Noon luncheon meetings are held on the first two Tuesdays of each month, at Charlie Brown's Steakhouse in Chatham Township. Breakfast meetings are held at 8:00 AM on the last two or three Tuesdays of each month. Breakfast meetings are held at Charlie Brown’s Steakhouse in Chatham Township. Guests are always welcomed to attend our Tuesday meetings. COME JOIN US


From train whistle to doorbell: The story of Sears kit homes

Marilyn Wittlinger presented an entertaining and informative illustrated talk on Sears kit homes.  The PowerPoint show given at the Kiwanis October 19th Charlie Brown’s breakfast meeting was enjoyed by a packed house. The photo above shows Marilyn on the left with her friend Debbie Behling. She started her research into Sears homes in 2004 while doing a report for her Vernacular Architecture class at Drew University. She was given the Drew certificate in Historic Preservation in 2005. Later that year she set up a tour of five nearby Sears homes for a group of visiting professors from Virginia when Drew held a special one-day class on kit homes. Marilyn and her husband Hal found twelve Sears homes in towns near Chatham, NJ.

Downers Grove, IL and Hopewell, VA have very large numbers of Sears homes, although kit homes are also found in many other places. Early in the 20th century, kits of parts to build these homes were shipped by railroad so homes are found in towns along railroad lines. Sears had a good reputation and over 100,000 “pattern” homes were purchased from a 146-page catalog. Long after construction, many were expanded and altered. Identification is difficult (Sears records are very incomplete) and only about 6,000 have been publicly identified. More recently, people have discovered the historical significance of these homes, which were once regarded as low cost bungalows.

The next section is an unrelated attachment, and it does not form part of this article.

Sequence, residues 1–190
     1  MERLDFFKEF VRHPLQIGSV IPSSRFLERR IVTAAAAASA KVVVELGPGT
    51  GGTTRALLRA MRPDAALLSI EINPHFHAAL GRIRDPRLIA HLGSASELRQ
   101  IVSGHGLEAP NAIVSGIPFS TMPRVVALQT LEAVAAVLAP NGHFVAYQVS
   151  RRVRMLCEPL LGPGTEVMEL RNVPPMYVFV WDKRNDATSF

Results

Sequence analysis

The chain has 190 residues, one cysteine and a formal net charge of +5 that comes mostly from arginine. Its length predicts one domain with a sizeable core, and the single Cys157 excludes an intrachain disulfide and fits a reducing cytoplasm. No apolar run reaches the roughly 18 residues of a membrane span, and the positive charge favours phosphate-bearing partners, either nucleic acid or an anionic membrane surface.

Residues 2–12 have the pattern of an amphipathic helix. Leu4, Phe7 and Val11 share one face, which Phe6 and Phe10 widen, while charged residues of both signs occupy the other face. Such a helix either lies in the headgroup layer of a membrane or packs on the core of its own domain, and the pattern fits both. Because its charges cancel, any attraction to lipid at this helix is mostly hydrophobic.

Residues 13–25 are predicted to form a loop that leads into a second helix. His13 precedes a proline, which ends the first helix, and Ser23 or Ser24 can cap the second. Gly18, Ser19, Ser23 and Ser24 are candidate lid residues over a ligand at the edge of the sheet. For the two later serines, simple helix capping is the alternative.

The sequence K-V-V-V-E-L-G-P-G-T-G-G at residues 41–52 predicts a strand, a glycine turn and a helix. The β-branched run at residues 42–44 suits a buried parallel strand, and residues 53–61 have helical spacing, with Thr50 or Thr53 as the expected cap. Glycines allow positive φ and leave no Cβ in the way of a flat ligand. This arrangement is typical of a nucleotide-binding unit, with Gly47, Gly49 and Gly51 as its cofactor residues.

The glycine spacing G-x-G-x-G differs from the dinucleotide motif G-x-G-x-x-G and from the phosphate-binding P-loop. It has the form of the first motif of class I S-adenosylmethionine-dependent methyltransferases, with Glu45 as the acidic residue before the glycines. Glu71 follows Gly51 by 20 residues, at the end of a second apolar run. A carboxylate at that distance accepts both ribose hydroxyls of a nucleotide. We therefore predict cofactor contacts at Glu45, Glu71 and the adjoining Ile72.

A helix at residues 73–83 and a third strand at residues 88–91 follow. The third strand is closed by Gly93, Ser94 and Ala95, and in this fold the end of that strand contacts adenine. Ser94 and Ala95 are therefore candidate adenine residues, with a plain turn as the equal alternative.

Sears homes were sold and built between 1908 and 1940. Other companies also sold mail-order homes. Sears opened 48 sales offices devoted to homes and the first was opened in Akron, OH in 1919. Plants produced and shipped the homes from Cairo, IL and Port Newark, NJ. Sears even provided mortgages. Kit prices ranged from $191 to $5,140. Number of rooms could be from two to ten. There were many styles and Sears would customize them for the customer. Options like screen windows could be added. Builders who purchased and assembled the kits for customers saved about 40 percent in labor cost. Kits were shipped with drawings and specifications and even paint colors were recommended.


Hundreds of home photos were shown in the presentation, including a large, nearby “Alhambra”. These homes were built in prosperous times when everyone wanted a home of their own. They were reasonable, functional, high quality and popular – modern homes for their time. Marilyn asked that she be told the location of houses that could be Sears Kit homes. To learn more, she recommended reading the book “Houses by Mail: A Guide to Houses from Sears Roebuck and Company” by Katherine Cole Stevenson and H. Ward Jandl.

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